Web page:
Background. Limited information exists on blood pressure (BP) control factors and adherence to antihypertensive drug therapy (Rx) in developing countries. Methods. Cross-sectional study in randomly selected 992 hypertensive patients under a Chilean national comprehensive Cardiovascular Health Program (CVHP). Association of education, income, diabetes, obesity, physical activity, psychosocial characteristics, smoking, and alcohol abuse with BP control and adherence were evaluated by multivariate logistic regression. Results. BP control (<140/90 mmHg) was achieved in 63.1% of patients, with 38.4% adherent to Rx. Uncontrolled BP significantly associated with male sex (OR: 1.73 [95% CI 1.35-2.22]), low family income, high emotional-stress-depression score, body mass index, no adherence (OR: 1.83 [95% CI 1.44 - 2.32]), multiple Rx, baseline systolic BP value, and sedentary life style. Males (OR: 1.54 [95% CI 1.23 - 1.93]), low family income, high emotional stress-depression score (OR: 2.15 [95% CI 1.68 - 2.76]), low social support, and uncontrolled BP (OR: 1.52 [95% CI 1.22-1.90]) associated with no adherence. Conclusions. Comparable BP control (63.1%) to higher-income societies was observed. Uncontrolled BP associated significantly to no adherence and both to male sex, socioeconomic, and psychosocial factors. Global low adherence (38.4%) and improved BP control and adherence in diabetics were noted.Copyright © 2018 Daniela Sandoval et al.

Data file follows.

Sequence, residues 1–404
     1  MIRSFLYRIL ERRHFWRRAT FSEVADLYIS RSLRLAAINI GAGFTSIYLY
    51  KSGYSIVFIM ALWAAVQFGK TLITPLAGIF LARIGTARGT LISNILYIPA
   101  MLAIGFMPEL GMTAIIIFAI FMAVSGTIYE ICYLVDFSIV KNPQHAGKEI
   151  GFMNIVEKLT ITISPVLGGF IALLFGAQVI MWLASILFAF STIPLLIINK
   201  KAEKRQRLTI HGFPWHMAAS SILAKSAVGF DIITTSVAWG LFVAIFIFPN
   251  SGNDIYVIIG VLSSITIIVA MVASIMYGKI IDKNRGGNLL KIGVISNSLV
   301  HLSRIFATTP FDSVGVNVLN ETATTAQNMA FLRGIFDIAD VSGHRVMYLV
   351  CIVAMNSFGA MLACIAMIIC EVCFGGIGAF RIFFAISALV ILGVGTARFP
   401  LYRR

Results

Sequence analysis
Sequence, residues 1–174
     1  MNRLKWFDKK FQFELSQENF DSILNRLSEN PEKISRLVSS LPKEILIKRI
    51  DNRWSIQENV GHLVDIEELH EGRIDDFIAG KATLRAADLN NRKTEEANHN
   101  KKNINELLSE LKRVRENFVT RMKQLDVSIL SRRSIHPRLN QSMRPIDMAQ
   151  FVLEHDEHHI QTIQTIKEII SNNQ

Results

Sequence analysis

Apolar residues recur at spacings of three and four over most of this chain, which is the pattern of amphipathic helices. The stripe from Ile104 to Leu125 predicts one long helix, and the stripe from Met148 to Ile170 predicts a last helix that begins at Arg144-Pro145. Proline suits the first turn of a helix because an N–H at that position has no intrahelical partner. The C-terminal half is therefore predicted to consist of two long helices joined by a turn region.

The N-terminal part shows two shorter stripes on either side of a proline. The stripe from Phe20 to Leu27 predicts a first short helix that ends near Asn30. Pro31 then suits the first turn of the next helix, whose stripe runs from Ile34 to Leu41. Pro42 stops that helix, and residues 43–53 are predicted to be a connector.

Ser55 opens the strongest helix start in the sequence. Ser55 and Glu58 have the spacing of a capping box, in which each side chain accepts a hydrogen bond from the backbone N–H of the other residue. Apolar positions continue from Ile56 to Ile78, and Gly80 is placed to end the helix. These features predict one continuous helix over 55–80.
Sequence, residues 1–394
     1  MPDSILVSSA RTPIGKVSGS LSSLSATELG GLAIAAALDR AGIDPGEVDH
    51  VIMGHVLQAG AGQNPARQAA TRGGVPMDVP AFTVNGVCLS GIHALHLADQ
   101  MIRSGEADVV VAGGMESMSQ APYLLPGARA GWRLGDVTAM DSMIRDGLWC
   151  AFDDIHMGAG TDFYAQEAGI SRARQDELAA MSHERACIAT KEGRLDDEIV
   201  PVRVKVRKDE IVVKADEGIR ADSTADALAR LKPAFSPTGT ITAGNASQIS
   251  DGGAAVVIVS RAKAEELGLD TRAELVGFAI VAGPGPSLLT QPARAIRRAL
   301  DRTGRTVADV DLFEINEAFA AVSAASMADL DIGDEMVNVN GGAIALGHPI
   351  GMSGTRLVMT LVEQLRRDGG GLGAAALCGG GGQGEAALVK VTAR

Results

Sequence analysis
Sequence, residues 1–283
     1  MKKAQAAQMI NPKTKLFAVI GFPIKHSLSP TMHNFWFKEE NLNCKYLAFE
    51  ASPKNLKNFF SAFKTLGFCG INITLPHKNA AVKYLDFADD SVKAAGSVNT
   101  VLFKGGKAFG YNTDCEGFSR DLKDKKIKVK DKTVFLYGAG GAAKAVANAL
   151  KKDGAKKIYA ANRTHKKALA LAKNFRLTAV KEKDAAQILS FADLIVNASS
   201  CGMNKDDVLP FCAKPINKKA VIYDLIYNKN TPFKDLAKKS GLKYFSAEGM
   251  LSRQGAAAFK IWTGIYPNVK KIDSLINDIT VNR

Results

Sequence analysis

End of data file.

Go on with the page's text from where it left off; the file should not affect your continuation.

D., S., C., N., & Romero T. AO - Sandoval Tomas; ORCID: http://orcid.org/0000-0001-9031-4297, D. O. http://orcid. org/0000-0002-1142-5712 A. O.-R. (2018). Clinical, Socioeconomic, and Psychosocial Factors Associated with Blood Pressure Control and Adherence: Results from a Multidisciplinary Cardiovascular National Program Providing Universal Coverage in a Developing Country. International Journal of Hypertension, 2018, 5634352. https://doi.org/http://dx.doi.org/10.1155/2018/5634352